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Old 06-05-2009, 01:30 PM   #31
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Multimaster is this (or the Sonicrafter) worth the $$


I bought the soniccrafter a couple months ago and love it. I cannot give a good comparison to anything else as I have never tried anything but this one. Of course the blades will get warm, it is just like any other saw blade after use. The only thing I can say about the head getting hot is that possibly the blade wasn't tight enough. I haven't had any problems at all with mine and if it was to go out, I would buy another sonicrafter.

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Old 06-13-2009, 03:23 PM   #32
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Multimaster is this (or the Sonicrafter) worth the $$


I have had the Rockwell Sonicrafter for a few months now. I have already done enough work to make it worth the expense. This tool is constructed very well. I saw the Dremel tool at the hardware store. It is smaller, and doesnt look heavy duty like the Rockwell. I also am weary of "as seen on TV" items, but this tool is worth every penny. It is not a toy. You could hammer in nails with this if you chose to.

This baby can plunge cut like crazy!!

I would highly recommend this tool for working on existing builds. I also have a rotozip, sawzall, cordless circular, various sheers, pipe cutters, and jigsaws. There are many applications where the Rockwell Sonicrafter is the only suitable cutter. I keep on finding more and more applications for it. I recently hung peg board insid my garage, and I neglected to make expansion gaps between the sheets. The weather changed, the boards expanded, an started bowing out. Without this tool I would have had to remove all the nails and rehang them. I got out a straght edge to act as a screed of sorts and removed 1/32 inch of the ends, popped One Row of nails, and all was well.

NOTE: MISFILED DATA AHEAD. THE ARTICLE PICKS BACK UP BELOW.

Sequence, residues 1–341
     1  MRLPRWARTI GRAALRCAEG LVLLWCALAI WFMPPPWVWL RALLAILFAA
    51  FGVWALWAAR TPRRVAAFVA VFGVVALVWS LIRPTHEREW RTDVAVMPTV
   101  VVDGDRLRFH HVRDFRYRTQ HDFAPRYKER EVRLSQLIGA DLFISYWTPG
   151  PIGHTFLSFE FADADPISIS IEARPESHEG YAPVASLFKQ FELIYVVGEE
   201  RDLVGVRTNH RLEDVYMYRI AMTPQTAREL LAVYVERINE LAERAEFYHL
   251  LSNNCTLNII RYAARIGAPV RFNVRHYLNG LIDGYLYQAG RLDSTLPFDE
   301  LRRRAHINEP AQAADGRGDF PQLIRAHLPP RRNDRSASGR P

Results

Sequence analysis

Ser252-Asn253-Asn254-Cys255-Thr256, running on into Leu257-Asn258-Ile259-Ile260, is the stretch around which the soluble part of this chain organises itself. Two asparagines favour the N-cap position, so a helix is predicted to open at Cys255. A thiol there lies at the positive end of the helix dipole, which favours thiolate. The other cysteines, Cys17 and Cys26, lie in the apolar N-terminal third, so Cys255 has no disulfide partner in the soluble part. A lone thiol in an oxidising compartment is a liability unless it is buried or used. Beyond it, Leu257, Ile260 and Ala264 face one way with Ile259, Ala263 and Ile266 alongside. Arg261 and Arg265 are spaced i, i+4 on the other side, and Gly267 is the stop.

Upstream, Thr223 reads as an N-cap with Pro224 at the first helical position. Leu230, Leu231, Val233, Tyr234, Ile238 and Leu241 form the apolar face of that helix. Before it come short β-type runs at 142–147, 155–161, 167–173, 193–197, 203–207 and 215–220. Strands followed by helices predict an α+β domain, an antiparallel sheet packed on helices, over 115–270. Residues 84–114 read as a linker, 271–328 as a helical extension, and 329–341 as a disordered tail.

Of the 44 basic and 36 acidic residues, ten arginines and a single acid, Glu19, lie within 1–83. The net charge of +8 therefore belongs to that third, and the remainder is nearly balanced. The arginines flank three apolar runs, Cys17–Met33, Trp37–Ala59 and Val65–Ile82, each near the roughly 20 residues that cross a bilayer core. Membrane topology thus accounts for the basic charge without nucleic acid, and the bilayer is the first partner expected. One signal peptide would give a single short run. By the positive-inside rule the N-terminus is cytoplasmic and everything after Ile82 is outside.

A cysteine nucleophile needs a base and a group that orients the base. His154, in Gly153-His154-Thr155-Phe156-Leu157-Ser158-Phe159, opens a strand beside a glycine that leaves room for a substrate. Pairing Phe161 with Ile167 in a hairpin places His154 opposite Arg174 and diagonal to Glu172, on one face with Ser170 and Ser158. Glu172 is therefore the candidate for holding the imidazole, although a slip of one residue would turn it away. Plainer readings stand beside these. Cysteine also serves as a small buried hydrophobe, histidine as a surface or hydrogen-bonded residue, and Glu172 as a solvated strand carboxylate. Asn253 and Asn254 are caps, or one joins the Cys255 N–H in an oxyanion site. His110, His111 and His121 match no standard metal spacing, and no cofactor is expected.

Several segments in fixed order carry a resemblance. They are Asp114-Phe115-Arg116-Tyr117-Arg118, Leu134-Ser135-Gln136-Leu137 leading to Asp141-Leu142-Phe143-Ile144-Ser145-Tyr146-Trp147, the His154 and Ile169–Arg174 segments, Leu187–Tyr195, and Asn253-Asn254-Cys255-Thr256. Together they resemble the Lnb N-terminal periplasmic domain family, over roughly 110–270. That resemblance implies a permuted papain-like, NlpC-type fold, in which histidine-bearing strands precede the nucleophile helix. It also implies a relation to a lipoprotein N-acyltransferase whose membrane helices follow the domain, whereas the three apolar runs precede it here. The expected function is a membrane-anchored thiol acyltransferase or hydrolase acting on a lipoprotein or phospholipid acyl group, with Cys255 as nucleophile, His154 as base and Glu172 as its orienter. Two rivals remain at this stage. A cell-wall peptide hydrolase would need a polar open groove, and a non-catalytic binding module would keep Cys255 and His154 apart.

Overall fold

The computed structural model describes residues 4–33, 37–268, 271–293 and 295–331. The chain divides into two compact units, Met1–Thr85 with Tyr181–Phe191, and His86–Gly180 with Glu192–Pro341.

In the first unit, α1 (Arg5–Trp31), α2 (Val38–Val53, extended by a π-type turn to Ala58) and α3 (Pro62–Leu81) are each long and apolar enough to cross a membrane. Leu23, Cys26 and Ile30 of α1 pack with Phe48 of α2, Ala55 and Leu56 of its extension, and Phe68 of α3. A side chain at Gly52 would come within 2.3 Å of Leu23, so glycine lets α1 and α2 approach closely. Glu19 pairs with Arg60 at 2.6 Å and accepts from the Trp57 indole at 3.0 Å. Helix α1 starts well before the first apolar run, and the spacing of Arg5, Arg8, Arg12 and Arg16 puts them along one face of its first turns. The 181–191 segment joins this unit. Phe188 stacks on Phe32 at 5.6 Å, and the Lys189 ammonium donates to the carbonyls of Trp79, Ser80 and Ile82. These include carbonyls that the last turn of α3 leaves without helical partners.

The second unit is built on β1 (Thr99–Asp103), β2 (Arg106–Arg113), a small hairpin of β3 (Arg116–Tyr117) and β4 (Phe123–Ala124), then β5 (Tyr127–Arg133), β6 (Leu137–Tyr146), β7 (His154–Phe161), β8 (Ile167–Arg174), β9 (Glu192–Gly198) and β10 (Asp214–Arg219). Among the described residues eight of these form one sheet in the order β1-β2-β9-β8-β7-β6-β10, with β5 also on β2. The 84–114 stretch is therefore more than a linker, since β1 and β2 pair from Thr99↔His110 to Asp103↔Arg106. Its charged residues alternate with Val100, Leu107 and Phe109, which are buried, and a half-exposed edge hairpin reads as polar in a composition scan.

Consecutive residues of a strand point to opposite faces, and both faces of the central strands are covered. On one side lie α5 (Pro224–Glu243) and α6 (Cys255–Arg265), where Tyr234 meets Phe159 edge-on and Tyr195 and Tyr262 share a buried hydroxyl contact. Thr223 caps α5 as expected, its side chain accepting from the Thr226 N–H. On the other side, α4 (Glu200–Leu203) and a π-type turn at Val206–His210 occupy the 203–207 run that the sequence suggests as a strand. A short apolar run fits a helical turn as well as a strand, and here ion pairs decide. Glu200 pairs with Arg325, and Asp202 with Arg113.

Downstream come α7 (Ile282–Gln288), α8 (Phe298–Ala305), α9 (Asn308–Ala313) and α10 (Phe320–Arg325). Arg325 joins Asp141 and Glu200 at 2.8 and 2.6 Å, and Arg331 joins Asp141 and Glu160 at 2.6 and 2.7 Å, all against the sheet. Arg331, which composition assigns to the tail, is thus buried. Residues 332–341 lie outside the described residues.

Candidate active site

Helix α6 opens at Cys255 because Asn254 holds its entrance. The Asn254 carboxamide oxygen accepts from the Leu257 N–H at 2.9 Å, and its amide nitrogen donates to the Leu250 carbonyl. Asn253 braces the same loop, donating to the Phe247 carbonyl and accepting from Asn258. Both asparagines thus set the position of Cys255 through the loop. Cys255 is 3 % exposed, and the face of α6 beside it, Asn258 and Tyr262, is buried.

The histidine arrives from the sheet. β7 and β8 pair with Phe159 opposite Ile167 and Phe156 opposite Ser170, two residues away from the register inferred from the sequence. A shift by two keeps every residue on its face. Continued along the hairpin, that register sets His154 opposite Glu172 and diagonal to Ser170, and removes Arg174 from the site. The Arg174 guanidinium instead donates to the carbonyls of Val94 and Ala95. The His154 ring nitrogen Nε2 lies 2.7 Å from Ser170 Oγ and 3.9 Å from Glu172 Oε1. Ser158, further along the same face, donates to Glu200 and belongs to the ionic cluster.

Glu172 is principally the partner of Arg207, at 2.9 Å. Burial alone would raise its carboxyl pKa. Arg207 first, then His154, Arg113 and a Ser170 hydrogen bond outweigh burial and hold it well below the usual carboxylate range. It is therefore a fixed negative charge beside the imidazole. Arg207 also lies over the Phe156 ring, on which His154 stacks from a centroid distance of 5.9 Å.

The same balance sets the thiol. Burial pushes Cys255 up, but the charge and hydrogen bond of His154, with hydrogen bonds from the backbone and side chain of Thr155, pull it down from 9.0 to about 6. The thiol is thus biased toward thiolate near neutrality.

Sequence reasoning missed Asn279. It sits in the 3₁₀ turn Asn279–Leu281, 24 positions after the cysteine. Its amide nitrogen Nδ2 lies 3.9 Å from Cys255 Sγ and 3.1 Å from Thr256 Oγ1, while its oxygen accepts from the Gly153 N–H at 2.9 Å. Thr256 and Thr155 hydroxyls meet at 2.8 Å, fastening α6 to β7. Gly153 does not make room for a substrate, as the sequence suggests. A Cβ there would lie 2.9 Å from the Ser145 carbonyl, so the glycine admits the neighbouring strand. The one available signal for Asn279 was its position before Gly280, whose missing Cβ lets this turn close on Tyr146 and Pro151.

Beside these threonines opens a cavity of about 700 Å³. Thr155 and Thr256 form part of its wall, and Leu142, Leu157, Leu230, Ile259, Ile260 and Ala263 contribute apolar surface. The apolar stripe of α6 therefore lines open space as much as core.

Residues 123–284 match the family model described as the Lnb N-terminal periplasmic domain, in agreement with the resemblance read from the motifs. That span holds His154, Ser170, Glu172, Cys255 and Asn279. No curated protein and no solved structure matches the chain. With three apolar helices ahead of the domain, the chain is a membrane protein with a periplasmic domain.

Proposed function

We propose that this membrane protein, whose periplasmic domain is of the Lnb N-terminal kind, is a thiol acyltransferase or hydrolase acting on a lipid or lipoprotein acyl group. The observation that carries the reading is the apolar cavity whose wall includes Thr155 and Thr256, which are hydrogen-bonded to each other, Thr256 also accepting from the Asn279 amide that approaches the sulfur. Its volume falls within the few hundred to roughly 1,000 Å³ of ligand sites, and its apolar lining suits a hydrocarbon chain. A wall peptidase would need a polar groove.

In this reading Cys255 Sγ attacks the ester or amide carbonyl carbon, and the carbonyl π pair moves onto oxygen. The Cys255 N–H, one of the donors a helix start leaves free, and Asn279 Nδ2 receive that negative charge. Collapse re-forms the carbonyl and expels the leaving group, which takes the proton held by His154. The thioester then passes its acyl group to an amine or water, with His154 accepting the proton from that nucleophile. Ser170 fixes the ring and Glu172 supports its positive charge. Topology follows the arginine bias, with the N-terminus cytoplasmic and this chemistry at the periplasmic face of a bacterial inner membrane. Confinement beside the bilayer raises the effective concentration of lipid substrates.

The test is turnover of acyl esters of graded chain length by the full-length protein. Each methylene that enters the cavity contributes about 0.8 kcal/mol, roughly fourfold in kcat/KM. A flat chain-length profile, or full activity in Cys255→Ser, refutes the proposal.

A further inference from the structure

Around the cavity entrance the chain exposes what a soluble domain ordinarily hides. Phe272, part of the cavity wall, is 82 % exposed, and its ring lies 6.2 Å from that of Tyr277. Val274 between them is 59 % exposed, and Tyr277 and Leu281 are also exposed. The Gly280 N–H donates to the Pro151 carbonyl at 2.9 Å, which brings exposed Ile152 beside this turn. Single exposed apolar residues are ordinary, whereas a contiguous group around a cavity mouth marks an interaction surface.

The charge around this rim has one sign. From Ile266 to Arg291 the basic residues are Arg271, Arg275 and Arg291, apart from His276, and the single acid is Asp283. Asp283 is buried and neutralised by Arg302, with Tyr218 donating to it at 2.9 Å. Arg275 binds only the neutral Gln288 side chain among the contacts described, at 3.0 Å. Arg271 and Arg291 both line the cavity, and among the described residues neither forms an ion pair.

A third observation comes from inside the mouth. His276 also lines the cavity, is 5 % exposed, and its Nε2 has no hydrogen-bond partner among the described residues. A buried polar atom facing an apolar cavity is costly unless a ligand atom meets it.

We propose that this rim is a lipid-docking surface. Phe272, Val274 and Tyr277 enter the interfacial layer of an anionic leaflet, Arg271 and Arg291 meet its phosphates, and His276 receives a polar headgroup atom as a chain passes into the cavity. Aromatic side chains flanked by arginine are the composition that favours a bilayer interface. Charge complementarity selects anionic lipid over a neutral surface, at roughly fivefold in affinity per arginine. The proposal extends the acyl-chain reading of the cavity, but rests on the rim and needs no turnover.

Paint removing blade does work, if you paint is flakey already.

I need some more blades! Where can I find them?
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Old 06-13-2009, 05:37 PM   #33
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Multimaster is this (or the Sonicrafter) worth the $$


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.....

I need some more blades! Where can I find them?
Amazon.com sells them. Additionally, I've read many positive reports by several people using after market blades from http://multiblades.com/sonicrafter.html. They also make blades for the Fein Multimaster which I own and I've purchased a few from them myself.

Last edited by whmitty; 06-13-2009 at 05:40 PM.
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Old 06-13-2009, 08:48 PM   #34
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Multimaster is this (or the Sonicrafter) worth the $$


Thanks! RW9120 was the part number I was looking for. They sure are expensive!
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Old 06-13-2009, 09:03 PM   #35
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Multimaster is this (or the Sonicrafter) worth the $$


Count your blessings that they're only $39.98 for three. The corresponding blade for the bloody Fein is $26.90 for ONE! Had I not had so much trouble with the Sonicrafter I purchased having the blades come loose AND wasn't so annoyed with having to deal with a hex key to change and tighten the blades I'd have likely stuck with the Sonicrafter. I think it's quite heavy duty compared to the competing Dremel oscillating tool. Have fun cutting up!
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Old 06-14-2009, 05:11 AM   #36
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Multimaster is this (or the Sonicrafter) worth the $$


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Originally Posted by natb1 View Post
I need some more blades! Where can I find them?
Here is the Best quality source for after market blades, for both Sonicrafter and for Fein.
http://multiblades.com/
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Old 06-29-2009, 01:40 PM   #37